Broxton couldn’t overpower the Yanks tonight. He battled through 10-pitch at-bats against Jorge Posada and Colin Curtis. He walked Curtis Granderson on eight pitches. By the time the Yanks tied the game, he had thrown 40 pitches in a single inning and still Torre left him in. Instead of cutting his losses in a 6-6 game, Torre let Broxton face two more hitters. He threw 48 pitches, and the strain on his arm for that one inning of work is arguably greater than what Edwin Jackson went through en route to his 149-pitch no-hitter. It was vintage Torre at his worst.
An inning later, Torre’s bullpen management struck again. After Ramon Troncoso got an out on an A-Rod fielder’s choice, Torre went with the match-ups, bringing in George Sherrill to face Robinson Cano. The Yanks’ second baseman had been 0-for-11 vs. the lefty Sherrill, but as the announcers on ESPN noted, Sherrill’s fastball isn’t what it once was. Cano took an 88-mph fastball over the fence in left-center. The book isn’t always right.
Joe Girardi, meanwhile, showed us the anti-Torre in him. After getting burned in an extra-inning affair in Toronto when Mariano Rivera never pitched and the Yankees lost, Girardi has shown a willingness to use Rivera for two innings in tie games on the road. Against the Diamondbacks, Rivera threw two innings and nabbed a win. Tonight, Rivera came in to face Andre Ethier, Garrett Anderson and Casey Blake in the ninth. He stayed out for the 10th and earned his second win of the season. As the Dodgers argued the strike zone, Mo’s two-inning, three-strike out performance capped off one of the best games of the season.
A sloppy game early on
The game, however, didn’t start out on a positive note. Andy Pettitte, pitching to earn his spot on the All Star Game, ran into trouble of his own making. He threw two balls away when the Dodgers started to bunt, and both times, he hesitated to make the right play. After a Reed Johnson double to open the third, Clayton Kershaw bunted, and with A-Rod yelling at him to throw to first, Pettitte made a wild throw to third. The run scored.
Two batters later, it happened again. Ronnie Belliard tried to bunt with two on and no one out, and Pettitte looked to third for a force. A-Rod was charging though and by the time Andy recovered, he had to rush the throw to first. It, too, went wild, for his second error of the inning. Pettitte looked flustered and annoyed. He had to grit it out through five innings tonight, but the Yanks’ bats eventually picked him up.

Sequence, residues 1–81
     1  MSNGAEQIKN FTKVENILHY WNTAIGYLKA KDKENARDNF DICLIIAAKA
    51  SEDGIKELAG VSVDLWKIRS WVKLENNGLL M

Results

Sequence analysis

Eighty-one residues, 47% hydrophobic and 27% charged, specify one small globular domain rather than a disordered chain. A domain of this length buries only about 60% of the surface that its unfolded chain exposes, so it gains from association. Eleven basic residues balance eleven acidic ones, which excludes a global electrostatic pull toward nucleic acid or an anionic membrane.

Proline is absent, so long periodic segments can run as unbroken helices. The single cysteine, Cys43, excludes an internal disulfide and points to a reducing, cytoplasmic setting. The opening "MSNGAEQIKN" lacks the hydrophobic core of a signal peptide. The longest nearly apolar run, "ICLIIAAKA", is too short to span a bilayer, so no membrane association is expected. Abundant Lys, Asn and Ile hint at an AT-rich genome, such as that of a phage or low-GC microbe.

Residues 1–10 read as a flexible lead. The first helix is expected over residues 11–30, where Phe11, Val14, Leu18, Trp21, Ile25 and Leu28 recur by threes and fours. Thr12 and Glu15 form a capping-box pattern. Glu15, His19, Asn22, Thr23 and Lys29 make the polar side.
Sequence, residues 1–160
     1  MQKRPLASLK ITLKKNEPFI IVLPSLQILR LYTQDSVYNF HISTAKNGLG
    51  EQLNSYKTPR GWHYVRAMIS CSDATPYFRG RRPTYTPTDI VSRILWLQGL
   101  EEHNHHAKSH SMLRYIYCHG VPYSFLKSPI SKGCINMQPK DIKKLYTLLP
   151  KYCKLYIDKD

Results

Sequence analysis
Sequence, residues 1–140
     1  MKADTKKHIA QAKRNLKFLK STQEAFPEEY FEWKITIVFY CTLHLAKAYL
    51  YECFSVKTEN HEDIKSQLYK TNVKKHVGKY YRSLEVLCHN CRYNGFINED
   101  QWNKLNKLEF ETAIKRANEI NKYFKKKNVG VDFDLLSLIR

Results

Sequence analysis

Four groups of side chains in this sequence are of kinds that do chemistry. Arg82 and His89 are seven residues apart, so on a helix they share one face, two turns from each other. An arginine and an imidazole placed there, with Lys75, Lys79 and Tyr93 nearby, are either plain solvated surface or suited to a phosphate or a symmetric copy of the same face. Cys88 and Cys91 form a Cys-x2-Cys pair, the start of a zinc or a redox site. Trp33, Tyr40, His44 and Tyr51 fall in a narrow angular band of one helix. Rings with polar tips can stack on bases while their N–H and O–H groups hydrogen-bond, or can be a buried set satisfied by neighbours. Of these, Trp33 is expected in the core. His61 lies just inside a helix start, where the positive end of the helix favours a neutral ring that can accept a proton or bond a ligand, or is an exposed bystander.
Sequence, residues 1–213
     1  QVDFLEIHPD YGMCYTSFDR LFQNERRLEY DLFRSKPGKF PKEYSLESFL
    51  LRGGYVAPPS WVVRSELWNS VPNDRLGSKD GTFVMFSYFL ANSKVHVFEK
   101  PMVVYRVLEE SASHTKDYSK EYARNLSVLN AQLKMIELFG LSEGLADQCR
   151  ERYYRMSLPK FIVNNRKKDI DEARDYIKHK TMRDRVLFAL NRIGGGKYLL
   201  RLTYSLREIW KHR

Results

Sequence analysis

General Grievances and Observations
Joba Chamberlain continues to have a maddening season. His run allowed loomed large until James Loney’s mental mishap, and he just wasn’t pitching smart. Someone called for an 0-2 pitch-out with two outs, and Joba couldn’t locate his pitches. The only thing consistent about his season is his inconsistency.
After years of enjoying a wide Mariano Rivera strike zone, the tables turned on Joe Torre and his players. The Dodgers argued nearly every strike from Rivera and two of them — Anderson and Russell Martin — were tossed in the 10th. Life is good when Mo lives on the black.
Damaso Marte wins the Unsung Hero award tonight. Last night, the Yanks’ pen couldn’t pick up A.J. Burnett. Tonight, Marte came in with runners on first and third and two out. He struck out the dangerous Andre Ethier and then retired Manny Ramirez, Casey Blake and James Loney in order in the 7th. The game could have gotten away from the Yanks there, but Marte kept his cool.
Grabbin’ a victory from the jaws of defeat
The WPA graph is a beauty tonight:
Up Next: Cliff Lee
The Yanks’ scouts won’t need to travel beyond the Bronx to see Cliff Lee in person this week. After a well-deserved travel day that allows the Yanks to bask in their 4-2 road trip, the team will host the Seattle Mariners on Tuesday night. Cliff Lee will face Phil Hughes in a must-see game.